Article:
People-oriented. Protective.

Also known as Pembroke, Pem, and Corgi, the Pembroke Welsh Corgi is a short but sturdy herding dog. The word “corgi” means dwarf dog, and that’s an apt description of this small breed with a big personality. Pembroke Welsh Corgis are very intelligent, loyal, and willful. They are alert, animated, and active, and they want to be in the middle of the action at all times. While these dogs were originally bred as working dogs herding sheep and driving cattle, these days they are mostly companion dogs. They love to be around people, and they can make great family or apartment dogs.



Social & Protective
Pembroke Welsh Corgis love to be around people. They want to be involved in whatever the family is doing and don’t do well in kennels.

They will take on a protective role, alerting you to the presence of strangers and even defending you in the face of danger. (They can be prone to unnecessary alarm barking, but early training can help.)

Corgis typically enjoy training and are quick learners. They have a strong work ethic and like to stay busy — a holdover from their history of herding livestock. Another remnant of their past is their tendency to chase and nip at the heels of running children, but early training can help you curb this instinctive behavior.

While this breed typically gets along well with other dogs and pets, they may only take to children they’ve been raised with.

Don’t leave your Corgi alone too long, as they are prone to barking, digging and chewing.


Sturdy & Shaggy
The Pembroke Welsh Corgi has a fox-like head with a wide skull that is flat between big, upright ears. Eyes are black-rimmed and dark brown. The nose is black, and the bite has the inner side of the upper incisors touch the outer side of the lower incisors.

This breed’s body is low-set, sturdily-built, and longer than it is tall. It famously has a nub for a tail, either from docking or natural bob.

This breed has a water-resistant, dense undercoat of medium length and a coarse, straight, and long outer coat. (Fluffy Corgis are born occasionally with fluffier, longer, and softer coats than the norm. These pups make great pets but are undesirable for showing.) Coat colors include:
  • Black (usually tri-colored with white and tan markings)
  • Tan
  • Fawn
  • Red
  • Sable with white markings

They are typically 10 to 12 inches tall and weigh between 23 and 28 pounds.


Medium Activity
Pembroke Welsh Corgis are chondrodysplastic, which means they have a genetic disorder of cartilage and bone development. Typically their limbs are slightly bowed, and they are prone to back problems. For this reason, it’s very important to keep your pup’s weight under control. Obesity is an unnecessary strain on their long, vulnerable back.

Despite all that, these are hardy, athletic little dogs. They are happiest with daily walks and fare best when they have access to a protected area where they can run. They are gifted herders and are often talented in agility, rally, and tracking as well.

We recommend 45 minutes of activity a day and about 5 miles of walking a week.
Explore Pembroke Welsh corgi for sale at Happytail Puppies! Find a true companion and pure joy in these furballs today. Your playful companion awaits.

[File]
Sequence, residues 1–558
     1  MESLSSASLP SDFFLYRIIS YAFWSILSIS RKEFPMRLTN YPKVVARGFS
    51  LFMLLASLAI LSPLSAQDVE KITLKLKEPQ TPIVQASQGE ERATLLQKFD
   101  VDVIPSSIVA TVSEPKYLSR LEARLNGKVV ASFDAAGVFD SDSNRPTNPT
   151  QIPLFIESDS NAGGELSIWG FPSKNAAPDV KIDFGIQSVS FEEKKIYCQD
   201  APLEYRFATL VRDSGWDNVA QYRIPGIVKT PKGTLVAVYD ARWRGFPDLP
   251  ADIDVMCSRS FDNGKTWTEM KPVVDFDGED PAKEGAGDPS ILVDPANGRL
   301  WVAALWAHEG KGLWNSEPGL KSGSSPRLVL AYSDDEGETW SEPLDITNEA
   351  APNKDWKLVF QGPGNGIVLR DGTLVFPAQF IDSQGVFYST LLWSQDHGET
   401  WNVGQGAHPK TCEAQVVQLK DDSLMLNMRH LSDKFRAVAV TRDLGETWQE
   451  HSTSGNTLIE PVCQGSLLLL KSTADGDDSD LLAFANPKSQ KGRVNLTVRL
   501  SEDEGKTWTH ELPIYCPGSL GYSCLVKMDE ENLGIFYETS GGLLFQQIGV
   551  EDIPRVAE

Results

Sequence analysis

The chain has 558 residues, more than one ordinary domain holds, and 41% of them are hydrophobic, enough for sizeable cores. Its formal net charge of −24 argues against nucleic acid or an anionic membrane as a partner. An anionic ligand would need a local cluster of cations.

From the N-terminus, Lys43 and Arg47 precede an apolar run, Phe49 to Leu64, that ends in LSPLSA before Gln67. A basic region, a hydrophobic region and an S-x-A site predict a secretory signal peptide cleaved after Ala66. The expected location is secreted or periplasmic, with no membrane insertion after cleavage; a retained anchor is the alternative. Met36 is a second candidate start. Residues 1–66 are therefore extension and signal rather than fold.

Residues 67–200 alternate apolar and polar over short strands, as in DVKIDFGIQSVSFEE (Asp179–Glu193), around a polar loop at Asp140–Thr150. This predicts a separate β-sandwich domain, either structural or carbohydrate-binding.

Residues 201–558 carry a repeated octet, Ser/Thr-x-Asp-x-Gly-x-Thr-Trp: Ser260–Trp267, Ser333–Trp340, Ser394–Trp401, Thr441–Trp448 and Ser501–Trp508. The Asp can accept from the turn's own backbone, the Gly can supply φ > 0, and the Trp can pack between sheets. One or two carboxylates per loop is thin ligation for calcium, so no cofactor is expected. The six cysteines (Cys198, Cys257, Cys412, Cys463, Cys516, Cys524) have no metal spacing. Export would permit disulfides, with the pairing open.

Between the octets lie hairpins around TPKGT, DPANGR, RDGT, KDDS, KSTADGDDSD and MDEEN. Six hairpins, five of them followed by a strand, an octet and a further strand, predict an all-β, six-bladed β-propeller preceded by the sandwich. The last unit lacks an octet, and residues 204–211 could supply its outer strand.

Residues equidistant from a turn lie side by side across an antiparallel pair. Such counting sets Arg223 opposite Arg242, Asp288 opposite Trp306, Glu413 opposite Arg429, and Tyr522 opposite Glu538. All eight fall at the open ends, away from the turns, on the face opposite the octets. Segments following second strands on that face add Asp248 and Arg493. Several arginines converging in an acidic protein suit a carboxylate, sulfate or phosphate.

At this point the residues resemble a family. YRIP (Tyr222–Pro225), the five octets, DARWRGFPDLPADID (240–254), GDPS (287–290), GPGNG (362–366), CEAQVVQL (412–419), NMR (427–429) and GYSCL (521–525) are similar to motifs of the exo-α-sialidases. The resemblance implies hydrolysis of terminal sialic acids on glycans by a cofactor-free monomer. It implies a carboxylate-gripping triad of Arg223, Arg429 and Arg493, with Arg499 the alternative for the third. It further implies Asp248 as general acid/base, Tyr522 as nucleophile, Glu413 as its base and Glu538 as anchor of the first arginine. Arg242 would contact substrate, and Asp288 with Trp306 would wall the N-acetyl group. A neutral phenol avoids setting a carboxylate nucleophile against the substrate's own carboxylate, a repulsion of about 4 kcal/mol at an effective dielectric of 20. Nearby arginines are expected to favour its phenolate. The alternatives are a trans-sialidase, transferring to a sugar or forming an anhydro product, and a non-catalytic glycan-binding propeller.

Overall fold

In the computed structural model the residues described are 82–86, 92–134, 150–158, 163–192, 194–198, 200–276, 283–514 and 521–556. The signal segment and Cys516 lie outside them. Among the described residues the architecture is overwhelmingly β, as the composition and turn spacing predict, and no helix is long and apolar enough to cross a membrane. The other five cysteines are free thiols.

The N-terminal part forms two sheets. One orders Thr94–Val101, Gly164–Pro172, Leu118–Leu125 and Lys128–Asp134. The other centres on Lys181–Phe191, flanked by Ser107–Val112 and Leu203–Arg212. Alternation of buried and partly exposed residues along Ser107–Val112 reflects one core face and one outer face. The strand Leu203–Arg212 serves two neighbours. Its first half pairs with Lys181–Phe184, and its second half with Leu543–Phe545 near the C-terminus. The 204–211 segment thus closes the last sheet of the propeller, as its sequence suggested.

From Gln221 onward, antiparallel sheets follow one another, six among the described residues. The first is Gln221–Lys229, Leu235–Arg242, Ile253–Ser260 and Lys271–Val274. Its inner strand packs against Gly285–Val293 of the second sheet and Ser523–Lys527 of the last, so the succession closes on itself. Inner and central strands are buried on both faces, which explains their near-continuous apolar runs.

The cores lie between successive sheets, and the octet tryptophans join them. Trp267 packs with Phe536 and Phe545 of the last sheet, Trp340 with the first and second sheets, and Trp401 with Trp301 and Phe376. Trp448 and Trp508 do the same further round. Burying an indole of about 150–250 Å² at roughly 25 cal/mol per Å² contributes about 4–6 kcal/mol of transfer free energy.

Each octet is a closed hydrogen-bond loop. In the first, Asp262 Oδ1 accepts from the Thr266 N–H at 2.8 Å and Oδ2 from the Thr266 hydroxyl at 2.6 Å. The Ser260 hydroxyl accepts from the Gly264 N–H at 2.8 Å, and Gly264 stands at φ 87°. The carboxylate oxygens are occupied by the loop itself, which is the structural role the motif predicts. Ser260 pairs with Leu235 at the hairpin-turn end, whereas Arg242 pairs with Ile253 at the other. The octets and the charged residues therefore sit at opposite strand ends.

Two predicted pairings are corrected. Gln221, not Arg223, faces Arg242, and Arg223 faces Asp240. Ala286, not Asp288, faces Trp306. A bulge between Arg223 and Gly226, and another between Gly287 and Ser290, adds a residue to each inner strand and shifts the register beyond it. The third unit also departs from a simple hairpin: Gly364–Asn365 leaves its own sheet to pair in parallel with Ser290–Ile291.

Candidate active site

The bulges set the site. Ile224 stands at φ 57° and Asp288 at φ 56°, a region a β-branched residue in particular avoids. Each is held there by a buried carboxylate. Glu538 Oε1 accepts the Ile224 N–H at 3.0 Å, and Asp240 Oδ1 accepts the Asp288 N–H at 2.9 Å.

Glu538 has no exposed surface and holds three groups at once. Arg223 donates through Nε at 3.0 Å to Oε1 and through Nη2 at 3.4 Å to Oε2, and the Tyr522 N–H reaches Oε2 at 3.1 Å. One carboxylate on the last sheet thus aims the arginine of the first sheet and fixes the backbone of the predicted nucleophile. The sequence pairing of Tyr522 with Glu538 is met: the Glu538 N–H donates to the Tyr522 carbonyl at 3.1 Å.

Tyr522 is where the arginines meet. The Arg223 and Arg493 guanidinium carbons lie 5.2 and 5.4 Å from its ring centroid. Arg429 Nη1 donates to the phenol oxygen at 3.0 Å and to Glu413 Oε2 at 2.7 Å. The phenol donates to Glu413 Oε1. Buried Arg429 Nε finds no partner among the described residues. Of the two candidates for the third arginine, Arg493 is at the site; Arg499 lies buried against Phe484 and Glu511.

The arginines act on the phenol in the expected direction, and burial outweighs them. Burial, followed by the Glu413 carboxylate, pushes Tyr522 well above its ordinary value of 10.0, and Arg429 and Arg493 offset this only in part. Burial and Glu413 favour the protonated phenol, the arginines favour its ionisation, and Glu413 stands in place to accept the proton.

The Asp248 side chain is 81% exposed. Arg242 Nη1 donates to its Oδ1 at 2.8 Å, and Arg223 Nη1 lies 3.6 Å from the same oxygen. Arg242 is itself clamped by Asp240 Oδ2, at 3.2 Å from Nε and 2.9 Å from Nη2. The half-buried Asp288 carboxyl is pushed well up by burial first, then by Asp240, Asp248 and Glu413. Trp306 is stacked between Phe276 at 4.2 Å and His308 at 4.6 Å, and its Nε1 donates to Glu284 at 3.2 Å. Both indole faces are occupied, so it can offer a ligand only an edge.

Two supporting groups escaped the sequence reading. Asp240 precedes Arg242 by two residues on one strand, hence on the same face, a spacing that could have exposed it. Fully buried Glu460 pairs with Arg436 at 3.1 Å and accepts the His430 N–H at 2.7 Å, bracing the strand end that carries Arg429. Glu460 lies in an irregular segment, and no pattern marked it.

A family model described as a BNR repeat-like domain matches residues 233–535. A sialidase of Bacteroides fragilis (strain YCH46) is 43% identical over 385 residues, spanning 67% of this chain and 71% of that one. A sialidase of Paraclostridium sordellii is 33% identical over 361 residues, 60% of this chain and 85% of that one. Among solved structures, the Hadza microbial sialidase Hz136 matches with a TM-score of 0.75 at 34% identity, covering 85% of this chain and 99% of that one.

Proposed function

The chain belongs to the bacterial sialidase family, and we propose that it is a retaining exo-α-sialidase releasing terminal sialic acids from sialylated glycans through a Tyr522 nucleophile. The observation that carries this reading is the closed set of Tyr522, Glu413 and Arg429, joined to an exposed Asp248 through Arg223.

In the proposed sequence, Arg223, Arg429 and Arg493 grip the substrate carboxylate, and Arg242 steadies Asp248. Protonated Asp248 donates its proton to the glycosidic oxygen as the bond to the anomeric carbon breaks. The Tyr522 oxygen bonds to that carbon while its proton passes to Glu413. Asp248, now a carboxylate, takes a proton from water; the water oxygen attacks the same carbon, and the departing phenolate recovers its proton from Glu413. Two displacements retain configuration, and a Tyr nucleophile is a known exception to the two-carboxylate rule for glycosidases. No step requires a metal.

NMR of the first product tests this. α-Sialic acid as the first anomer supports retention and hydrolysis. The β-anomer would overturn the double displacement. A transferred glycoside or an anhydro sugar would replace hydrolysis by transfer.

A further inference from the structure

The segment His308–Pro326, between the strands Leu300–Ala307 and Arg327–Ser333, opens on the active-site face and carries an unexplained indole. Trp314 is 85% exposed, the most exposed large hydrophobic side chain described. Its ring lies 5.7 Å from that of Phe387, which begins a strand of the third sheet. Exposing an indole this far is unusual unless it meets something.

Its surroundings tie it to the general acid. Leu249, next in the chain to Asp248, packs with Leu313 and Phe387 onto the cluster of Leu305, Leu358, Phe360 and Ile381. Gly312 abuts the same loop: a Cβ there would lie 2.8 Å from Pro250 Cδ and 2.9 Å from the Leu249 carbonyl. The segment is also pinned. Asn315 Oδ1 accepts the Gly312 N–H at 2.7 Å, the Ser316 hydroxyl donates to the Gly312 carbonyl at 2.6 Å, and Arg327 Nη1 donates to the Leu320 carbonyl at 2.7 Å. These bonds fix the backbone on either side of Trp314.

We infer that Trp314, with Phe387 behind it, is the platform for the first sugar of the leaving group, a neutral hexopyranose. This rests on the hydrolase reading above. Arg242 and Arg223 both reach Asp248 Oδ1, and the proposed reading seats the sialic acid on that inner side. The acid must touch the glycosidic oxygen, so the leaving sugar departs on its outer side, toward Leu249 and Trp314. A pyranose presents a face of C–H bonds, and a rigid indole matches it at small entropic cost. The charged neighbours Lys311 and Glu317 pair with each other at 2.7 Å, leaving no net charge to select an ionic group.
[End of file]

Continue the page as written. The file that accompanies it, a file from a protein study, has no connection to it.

Originating in the Pembrokeshire area of Wales as early as the 1100s, Pembroke Welsh Corgis are the younger of the two corgi breeds (the other being the Cardigan Welsh Corgi). They were undoubtedly bred from the Cardigan Welsh Corgi, and they are thought to have been bred from many other breeds as well, including Chow-Chow, Finnish Spitz, Keeshond, Norwegian Elkhound, Pomeranian, Samoyed, and Schipperke. It is speculated that Finnish weavers introduced Pembroke Welsh Corgis to Wales in the 1100s. There is also speculation that the breed descended from Swedish Valhunds that Vikings brought to Wales.

Corgis were originally developed for the purpose of serving as all-around farm dogs with a particular talent for herding cattle. Their short stature allowed them to nip the heels of the cattle while avoiding their kicks. Being small made them less expensive to maintain, and because they were working dogs, they were exempt from taxes. While they are mostly just loving companions today, they are still used as watch dogs, guard dogs, and herders.

Today’s Pembroke Welsh Corgi diverged from the Cardigan Welsh Corgi in the early 1930s. The breed was officially recognized by the American Kennel Club in 1934.

The Queen of England has kept Corgis for many years, and her love of the breed boosted its popularity as a family pet across the globe. Due to the paintings and books by Tasha Tudor, even those who don’t love dogs have fallen for Corgis. The Pembroke Welsh Corgi appears in an anime called Cowboy Bebop. The character’s name is Ein, and his intelligence was enhanced by humans.

Major health concerns to be aware of:

  • Intervertebral Disc Disease
  • Degenerative Myelopathy

Minor health concerns to be aware of:

  • Epilepsy

Your Pembroke Welsh Corgi needs to be brushed weekly with a rubber curry brush to remove dead hair. They may need some extra attention when they are shedding. Bathe them every 6 to 8 weeks unless they get into something messy or smelly. Trim nails every 2 to 3 weeks to prevent overgrowth and painful tears. At minimum, teeth should be brushed weekly.


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